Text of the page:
KKR’s McVey Says Avoid Government Bonds for Riskier Investments

Jan 13, 2014 12:28 pm ET

Jan. 13 (Bloomberg) -- Henry McVey, head of global macro and asset allocation at private-equity firm KKR & Co., said he likes riskier assets and is avoiding government and investment- grade bonds.

“I think you’re going to be compensated for going out on the risk curve, particularly how it relates to fixed income around the credit arena,” McVey said in a Bloomberg Television interview today with Erik Schatzker and Stephanie Ruhle. “Government bonds pose among the greatest risk in the market. You can use that capital to go elsewhere.”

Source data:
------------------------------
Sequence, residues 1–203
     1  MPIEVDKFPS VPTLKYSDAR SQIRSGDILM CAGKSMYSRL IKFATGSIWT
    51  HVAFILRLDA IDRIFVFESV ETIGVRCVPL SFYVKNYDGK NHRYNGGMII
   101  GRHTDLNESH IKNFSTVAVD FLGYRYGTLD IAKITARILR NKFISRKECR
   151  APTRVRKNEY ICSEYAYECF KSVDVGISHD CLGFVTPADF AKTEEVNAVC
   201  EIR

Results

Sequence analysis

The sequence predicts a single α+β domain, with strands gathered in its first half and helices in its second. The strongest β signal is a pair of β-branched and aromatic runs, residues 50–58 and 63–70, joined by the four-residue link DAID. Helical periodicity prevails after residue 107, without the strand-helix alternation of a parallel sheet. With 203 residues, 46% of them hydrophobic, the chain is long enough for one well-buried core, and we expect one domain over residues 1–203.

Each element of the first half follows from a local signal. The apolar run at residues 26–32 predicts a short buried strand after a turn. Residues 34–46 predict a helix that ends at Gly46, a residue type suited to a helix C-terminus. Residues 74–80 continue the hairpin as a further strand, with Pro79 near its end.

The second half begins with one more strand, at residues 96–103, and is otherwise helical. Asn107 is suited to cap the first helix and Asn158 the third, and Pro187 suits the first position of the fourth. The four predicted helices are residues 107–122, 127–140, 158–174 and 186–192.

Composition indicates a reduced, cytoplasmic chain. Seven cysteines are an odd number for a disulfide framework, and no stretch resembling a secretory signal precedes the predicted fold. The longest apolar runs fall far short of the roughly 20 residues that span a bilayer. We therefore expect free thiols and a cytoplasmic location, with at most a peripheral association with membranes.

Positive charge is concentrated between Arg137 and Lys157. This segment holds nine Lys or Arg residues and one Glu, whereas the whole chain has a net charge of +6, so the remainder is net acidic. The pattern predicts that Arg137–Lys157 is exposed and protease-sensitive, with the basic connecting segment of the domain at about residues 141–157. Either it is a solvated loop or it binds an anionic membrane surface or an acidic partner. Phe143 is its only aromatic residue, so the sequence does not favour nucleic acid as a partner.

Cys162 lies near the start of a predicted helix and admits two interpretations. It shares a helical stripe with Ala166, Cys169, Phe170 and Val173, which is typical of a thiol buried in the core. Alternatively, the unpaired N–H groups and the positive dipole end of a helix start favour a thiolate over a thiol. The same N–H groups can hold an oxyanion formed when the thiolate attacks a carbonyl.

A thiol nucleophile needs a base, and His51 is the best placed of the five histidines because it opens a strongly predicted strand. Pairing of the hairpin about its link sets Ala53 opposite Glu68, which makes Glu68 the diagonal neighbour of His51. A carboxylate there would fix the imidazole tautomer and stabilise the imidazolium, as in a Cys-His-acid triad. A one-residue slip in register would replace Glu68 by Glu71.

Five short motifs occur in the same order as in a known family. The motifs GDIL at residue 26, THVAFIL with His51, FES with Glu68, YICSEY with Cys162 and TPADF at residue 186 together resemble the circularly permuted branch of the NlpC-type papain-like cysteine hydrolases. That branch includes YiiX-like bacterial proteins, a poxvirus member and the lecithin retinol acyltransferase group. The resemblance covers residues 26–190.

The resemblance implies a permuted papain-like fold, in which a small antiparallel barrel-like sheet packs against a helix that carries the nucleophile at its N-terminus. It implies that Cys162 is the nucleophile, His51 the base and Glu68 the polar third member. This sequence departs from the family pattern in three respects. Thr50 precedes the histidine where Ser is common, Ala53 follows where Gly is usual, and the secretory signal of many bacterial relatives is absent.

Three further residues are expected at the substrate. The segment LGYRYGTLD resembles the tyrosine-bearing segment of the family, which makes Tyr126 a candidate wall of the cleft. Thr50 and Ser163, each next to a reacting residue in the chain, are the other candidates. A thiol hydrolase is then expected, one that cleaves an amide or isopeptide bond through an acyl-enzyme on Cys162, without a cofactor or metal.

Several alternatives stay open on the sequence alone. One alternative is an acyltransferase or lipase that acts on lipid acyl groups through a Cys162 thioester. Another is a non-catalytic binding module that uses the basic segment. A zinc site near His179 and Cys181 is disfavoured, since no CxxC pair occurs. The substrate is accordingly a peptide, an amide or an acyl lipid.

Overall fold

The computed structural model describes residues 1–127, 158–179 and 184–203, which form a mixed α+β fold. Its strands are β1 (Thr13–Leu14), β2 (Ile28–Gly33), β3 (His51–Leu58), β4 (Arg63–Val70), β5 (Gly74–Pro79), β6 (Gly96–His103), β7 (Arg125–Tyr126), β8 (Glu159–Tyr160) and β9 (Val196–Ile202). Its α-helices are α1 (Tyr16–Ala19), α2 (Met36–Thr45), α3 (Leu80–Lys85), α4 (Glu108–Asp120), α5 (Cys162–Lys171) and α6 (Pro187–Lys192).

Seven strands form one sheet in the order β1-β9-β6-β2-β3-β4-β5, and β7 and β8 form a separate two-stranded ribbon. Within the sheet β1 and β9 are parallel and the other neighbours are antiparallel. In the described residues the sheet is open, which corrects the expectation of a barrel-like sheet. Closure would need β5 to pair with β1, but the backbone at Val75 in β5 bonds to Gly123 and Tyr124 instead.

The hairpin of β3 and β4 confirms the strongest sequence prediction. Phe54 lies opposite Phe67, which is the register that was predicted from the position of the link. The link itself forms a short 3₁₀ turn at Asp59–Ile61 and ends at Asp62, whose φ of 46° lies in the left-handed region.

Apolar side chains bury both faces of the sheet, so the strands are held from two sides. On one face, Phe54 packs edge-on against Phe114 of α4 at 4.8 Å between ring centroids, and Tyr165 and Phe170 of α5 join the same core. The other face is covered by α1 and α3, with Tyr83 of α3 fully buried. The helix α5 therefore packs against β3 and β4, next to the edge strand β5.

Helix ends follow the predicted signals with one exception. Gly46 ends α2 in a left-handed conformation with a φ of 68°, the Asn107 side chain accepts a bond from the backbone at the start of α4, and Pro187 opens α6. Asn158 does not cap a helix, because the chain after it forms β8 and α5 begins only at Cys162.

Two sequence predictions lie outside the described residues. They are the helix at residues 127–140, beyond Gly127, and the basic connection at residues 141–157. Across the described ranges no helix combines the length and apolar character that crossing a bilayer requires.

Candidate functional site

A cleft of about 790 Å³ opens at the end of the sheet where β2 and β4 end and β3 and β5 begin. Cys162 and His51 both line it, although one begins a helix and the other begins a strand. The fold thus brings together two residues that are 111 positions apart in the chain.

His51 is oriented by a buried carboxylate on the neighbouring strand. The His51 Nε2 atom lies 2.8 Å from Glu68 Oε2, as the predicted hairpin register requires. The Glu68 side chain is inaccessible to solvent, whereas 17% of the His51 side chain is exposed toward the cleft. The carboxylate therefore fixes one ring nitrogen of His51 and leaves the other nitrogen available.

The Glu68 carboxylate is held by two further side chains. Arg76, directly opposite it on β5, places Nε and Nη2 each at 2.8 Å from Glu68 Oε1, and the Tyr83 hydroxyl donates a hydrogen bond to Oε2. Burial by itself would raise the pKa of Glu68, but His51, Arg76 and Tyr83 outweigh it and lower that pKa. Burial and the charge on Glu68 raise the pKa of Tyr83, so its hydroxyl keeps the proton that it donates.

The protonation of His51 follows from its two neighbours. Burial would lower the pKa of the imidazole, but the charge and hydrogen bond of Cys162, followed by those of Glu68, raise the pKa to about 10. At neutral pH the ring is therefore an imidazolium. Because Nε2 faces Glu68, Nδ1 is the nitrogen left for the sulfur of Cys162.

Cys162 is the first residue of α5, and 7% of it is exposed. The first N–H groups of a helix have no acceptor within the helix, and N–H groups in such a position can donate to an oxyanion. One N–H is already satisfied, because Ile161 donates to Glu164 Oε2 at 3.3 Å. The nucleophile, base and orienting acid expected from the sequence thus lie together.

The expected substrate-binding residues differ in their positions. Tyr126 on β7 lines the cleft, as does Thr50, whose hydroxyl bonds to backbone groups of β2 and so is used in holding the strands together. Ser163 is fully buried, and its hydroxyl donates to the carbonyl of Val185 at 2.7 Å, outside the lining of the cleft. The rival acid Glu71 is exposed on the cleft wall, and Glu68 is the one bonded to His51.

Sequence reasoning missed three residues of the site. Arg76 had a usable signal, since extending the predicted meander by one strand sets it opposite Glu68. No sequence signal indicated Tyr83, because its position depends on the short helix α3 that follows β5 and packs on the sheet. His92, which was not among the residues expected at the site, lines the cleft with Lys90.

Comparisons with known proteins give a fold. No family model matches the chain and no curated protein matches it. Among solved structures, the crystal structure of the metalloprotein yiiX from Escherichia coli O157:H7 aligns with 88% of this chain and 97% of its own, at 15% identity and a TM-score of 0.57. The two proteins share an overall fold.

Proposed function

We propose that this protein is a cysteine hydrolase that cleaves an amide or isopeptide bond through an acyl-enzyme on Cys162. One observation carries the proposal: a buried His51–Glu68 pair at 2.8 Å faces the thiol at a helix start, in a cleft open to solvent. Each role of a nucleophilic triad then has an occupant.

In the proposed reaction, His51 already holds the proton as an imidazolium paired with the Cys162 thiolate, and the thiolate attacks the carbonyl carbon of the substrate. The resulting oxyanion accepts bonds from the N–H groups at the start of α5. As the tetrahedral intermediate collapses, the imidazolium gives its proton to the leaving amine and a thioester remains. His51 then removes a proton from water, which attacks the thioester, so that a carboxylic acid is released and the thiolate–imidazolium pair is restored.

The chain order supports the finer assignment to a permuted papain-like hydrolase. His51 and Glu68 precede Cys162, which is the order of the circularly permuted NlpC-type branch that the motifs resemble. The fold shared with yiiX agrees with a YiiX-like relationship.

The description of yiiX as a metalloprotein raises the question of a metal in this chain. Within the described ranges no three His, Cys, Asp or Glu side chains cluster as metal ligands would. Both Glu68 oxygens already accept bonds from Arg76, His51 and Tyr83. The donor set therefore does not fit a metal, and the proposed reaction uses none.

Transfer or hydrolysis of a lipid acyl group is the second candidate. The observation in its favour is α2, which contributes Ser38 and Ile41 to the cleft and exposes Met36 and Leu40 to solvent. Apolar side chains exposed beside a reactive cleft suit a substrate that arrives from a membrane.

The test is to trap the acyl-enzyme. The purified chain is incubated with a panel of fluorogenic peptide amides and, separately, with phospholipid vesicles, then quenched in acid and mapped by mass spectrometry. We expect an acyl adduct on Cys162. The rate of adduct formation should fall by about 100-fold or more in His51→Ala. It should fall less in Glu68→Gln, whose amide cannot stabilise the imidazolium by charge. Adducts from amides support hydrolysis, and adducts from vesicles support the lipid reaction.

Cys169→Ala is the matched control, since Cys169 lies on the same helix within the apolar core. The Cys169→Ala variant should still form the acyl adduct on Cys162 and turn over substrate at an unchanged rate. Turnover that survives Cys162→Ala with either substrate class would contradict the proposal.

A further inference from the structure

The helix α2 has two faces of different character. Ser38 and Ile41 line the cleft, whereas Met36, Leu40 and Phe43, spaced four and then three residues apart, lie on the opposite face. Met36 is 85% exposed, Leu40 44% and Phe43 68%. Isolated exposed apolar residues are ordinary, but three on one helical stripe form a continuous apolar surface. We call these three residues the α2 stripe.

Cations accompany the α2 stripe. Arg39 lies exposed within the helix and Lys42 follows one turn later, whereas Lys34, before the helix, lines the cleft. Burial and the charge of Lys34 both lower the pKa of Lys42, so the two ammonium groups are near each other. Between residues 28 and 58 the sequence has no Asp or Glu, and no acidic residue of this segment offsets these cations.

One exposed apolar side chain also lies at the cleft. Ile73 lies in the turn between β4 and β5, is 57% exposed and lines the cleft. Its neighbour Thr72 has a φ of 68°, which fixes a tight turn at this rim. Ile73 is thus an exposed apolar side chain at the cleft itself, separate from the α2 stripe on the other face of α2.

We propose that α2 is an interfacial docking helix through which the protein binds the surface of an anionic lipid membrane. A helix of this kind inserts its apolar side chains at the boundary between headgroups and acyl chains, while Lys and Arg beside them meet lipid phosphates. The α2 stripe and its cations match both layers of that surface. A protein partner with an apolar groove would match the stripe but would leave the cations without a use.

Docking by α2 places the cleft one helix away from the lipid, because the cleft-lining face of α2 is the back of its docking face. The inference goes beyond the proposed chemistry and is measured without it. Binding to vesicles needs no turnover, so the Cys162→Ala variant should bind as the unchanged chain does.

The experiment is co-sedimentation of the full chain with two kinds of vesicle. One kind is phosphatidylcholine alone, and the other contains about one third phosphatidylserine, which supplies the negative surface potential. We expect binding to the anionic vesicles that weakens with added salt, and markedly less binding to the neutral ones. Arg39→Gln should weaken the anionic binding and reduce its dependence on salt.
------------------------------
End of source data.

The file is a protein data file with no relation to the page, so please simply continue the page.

McVey, who joined New York-based KKR from Morgan Stanley in 2011, said traditionally “safe” investments in government and investment-grade debt won’t produce sufficient income or provide enough of a buffer to market shocks as they did prior to 2013. In the emerging markets, McVey said he likes Mexico and Korea, and he expects China to perform better this year than last year.

Gross domestic product in Europe will expand about 1.2 percent this year, McVey said, and he expects peripheral countries such as Ireland and Spain to grow faster. KKR is taking advantage of a recovery in Europe by raising money to invest in distressed companies. The firm last year agreed to acquire credit manager Avoca Capital to fill the lending void left by banks hampered by heightened regulations.

--Editors: Sree Vidya Bhaktavatsalam, Josh Friedman